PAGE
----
Health and safety: Contributory Negligence
Employment lawyers in Clifton, Bristol, have compiled a database of leading cases dealing with contributory negligence in the context of health and safety at work.
Contributory negligence means, in summary, that a person who suffers injury because of the fault of another person may have his/her compensation reduced where he/she has contributed to the cause of the injury.
Leading cases include:
Barclays Bank plc v Fairclough Building Ltd (No.2) (1995)
B engaged F as contractors to carry out maintenance work on two industrial warehouses occupied by B. The work of cleaning the asbestos roofs of the warehouses was subcontracted by F to C and by C to T. Neither T nor C had sufficient experience of the health risks of cleaning asbestos roofs. T used a high-pressure hose for the work. This caused asbestos slurry to enter the warehouses and to dry out, resulting in dangerous levels of asbestos contamination. An environmental health officer served a prohibition notice. Remedial works estimated to cost £4 million were required. The issue in the Court of Appeal was the extent of the liability of T and of C. The decision was as follows:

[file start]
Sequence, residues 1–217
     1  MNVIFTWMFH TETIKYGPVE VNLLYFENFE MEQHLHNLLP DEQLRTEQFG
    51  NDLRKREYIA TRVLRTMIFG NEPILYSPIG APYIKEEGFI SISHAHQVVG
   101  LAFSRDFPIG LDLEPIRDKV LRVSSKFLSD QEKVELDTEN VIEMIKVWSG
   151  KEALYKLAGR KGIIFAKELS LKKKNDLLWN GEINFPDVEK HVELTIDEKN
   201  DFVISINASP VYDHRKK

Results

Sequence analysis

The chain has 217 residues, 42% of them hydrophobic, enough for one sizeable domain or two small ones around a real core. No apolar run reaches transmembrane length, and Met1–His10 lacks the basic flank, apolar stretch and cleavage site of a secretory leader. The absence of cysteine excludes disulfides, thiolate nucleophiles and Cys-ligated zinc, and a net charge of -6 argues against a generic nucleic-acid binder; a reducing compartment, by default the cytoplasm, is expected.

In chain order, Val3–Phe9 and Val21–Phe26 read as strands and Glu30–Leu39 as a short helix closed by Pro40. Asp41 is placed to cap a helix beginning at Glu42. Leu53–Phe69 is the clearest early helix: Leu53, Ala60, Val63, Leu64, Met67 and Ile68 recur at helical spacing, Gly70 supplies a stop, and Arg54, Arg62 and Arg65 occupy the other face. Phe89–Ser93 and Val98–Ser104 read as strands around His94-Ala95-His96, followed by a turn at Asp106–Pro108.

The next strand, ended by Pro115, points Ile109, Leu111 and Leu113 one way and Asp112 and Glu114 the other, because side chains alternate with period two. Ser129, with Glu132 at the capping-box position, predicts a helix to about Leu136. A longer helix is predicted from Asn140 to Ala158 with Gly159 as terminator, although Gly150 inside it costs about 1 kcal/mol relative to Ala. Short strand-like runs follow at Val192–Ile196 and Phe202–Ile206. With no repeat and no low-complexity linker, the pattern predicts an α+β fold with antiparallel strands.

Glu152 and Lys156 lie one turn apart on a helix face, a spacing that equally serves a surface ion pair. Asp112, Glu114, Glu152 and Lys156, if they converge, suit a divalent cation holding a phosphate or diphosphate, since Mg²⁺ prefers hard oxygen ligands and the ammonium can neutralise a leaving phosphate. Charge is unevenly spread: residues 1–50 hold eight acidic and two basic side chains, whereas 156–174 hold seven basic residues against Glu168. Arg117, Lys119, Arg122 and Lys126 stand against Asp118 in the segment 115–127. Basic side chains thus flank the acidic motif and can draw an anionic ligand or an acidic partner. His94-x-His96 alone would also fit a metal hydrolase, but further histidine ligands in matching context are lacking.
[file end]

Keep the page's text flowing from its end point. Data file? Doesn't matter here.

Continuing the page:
Neither T nor C could avoid liability for having failed to exercise reasonable care and skill.
Having regard to the weight of expert evidence on the publication of information about the risks of working with asbestos, any person cleaning asbestos with a high pressure hose had a duty to avoid extensive contamination of the surrounding area.
T’s liability to C should be reduced by 50 per cent by reason of C’s contributory negligence. This reflected the close relationship between T and C.
Fishwick v Lin Pac (1994)
F’s work involved loading large reels of paper into a machine. During the course of this operation, his thumb became trapped in the machine and was crushed. He claimed compensation from the employers.